Research suggests teachers may be sending mixed messages on climate change

Retreat of Alaska's Columbia Glacier. Images taken by the Thematic Mapper onboard Landsat 5 and the Operational Land Imager onboard Landsat 8. Left: July 28, 1986. Right: May 30, 2011 Credit: NASA Earth Observatory, using data from the U.S. Geological SurveyAll Rights Reserved.

UNIVERSITY PARK, Pa. — While a majority of middle and high school science teachers teach climate change in their classrooms, most aren’t devoting the recommended amount of time to the topic — and when they do, their students may be getting mixed messages.

Those are the findings of a survey of middle and high school science teachers conducted by Eric Plutzer, Penn State professor of political science; A. Lee Hannah, who received his Ph.D. in political science from Penn State in 2015 and is now assistant professor of political science at Wright State University; and colleagues at the National Center for Science Education.  Results of the survey are highlighted in an article published in the February 12 edition of Science.

Plutzer and his team undertook the first nationally representative survey of science teachers focused on climate change, collecting data from 1,500 public middle and high school science teachers from all 50 states. While the data suggests most teachers devote some time to the topic in the classroom, the median teacher devotes only one or two hours to the topic — less than the amount recommended by leading science and education bodies.

“Roughly three in four middle and high school science teachers are discussing recent global warming in their classes, but there is no cumulative curriculum for children,” Plutzer said in a recent Q&A that appears in the Penn State Research Matters blog. “So teachers are likely to cover the basics, but not go far enough to help students develop a solid scientific understanding.”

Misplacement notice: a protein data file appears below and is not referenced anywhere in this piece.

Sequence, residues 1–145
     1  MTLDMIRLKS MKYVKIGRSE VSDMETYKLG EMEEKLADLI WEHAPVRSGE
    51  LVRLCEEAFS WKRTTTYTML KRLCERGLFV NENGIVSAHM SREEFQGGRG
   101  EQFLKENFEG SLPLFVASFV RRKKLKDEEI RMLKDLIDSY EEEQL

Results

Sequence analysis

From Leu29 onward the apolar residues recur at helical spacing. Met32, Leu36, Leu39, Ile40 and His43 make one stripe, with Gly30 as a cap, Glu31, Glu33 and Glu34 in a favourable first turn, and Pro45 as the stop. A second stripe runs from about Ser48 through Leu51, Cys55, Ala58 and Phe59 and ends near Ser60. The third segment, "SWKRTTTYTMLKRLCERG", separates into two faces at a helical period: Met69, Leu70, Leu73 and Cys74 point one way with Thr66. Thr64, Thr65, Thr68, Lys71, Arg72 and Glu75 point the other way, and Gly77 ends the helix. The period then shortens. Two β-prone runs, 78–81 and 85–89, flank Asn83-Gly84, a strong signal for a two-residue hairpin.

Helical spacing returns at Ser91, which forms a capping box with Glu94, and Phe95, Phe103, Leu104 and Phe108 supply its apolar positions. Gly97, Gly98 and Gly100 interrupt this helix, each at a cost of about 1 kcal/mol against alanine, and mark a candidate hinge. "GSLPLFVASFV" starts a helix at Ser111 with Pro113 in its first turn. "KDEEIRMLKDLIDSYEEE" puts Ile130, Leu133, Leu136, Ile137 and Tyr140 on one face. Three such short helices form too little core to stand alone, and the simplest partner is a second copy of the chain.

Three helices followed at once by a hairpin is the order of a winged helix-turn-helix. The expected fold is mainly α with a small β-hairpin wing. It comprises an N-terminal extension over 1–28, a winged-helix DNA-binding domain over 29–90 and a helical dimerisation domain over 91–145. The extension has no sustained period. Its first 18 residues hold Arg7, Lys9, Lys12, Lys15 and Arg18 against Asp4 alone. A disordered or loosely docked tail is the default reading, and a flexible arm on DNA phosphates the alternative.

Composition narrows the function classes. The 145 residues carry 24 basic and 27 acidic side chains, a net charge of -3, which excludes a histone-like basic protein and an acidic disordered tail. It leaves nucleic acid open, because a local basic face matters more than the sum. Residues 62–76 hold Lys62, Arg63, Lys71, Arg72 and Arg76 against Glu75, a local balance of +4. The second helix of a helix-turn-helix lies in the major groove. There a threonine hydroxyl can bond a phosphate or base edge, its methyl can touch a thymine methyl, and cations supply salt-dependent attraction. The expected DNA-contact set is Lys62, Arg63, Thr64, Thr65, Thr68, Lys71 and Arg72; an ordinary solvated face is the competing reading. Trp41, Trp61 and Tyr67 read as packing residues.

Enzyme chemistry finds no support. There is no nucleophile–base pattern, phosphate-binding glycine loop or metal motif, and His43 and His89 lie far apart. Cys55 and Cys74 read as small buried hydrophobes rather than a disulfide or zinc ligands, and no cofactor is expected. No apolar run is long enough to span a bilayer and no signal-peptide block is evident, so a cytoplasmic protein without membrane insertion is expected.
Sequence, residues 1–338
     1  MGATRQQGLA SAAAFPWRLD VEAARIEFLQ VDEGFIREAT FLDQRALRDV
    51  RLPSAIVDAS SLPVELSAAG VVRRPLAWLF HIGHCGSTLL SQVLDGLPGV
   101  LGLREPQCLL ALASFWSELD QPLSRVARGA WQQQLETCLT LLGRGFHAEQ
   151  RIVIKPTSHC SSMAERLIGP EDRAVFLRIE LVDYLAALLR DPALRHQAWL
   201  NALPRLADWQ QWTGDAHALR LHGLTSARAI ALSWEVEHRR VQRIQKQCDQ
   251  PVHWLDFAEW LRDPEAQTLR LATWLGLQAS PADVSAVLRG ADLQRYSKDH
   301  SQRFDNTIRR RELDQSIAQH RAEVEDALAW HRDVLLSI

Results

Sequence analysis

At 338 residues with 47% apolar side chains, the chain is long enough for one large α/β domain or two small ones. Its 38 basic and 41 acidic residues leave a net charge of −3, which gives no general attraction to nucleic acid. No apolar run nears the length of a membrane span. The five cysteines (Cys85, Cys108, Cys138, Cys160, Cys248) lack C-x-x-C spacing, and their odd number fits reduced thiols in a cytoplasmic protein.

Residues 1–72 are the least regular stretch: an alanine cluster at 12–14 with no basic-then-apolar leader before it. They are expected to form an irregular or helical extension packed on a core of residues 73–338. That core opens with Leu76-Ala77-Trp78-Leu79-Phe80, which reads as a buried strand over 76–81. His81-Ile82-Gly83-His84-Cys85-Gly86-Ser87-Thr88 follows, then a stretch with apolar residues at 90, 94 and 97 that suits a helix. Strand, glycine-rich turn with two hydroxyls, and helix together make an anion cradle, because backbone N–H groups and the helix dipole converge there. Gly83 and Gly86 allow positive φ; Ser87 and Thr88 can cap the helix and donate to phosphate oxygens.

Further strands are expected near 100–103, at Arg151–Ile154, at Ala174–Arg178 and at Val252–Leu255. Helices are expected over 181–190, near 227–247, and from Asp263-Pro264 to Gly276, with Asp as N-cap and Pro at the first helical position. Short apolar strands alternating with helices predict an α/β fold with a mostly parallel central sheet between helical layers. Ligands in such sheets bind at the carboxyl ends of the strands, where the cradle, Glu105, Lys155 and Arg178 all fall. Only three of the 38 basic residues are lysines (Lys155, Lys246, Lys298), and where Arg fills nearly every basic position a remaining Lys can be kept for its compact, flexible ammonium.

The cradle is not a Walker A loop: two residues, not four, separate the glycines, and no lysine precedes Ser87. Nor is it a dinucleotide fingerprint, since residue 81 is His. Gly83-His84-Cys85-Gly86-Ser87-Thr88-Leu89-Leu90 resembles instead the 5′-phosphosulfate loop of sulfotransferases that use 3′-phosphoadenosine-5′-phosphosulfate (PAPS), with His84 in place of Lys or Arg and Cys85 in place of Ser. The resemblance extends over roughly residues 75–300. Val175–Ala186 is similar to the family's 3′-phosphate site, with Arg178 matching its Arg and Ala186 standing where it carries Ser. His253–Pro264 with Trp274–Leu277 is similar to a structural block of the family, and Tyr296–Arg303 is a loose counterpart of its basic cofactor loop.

Survey findings also suggest that advances in climate science and consolidation of scientific consensus have outpaced textbooks and teachers’ training, with fewer than half of the teachers reported having any formal instruction on climate science in college. Politics and other societal factors — even teachers’ perceptions of climate change — can influence the way teachers introduce and teach climate change in the classroom.

“About one in three teachers gives voice to non-scientific alternatives, sending mixed messages to students,” Plutzer noted in the Q&A. “Because climate change has become politicized, teachers themselves may get their information from political rather than scientific sources. And they may be timid in providing a forthright discussion of the scientific consensus for fear of generating controversy in their own classroom.”

The key moving forward, the researchers suggest, is to ensure that future teachers receive some sort of formal, consistent instruction on climate science while still in college. Current middle and high school teachers, meanwhile, should be able to take one or more continuing education courses on the topic — something that most of the survey respondents indicated they would be interested in doing.

Last Updated July 29, 2017